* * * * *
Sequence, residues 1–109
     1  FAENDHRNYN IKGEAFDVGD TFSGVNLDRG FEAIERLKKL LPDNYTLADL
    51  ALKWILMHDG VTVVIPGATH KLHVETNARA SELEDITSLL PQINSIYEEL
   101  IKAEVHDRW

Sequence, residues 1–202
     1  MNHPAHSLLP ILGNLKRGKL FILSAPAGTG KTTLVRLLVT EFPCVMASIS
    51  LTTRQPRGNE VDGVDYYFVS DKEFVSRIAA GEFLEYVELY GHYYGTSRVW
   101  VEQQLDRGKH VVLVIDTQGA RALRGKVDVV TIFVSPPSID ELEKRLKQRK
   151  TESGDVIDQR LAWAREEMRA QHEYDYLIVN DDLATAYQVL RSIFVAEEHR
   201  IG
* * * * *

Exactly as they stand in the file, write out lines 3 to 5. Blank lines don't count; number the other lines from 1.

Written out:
    51  ALKWILMHDG VTVVIPGATH KLHVETNARA SELEDITSLL PQINSIYEEL
   101  IKAEVHDRW

Sequence, residues 1–202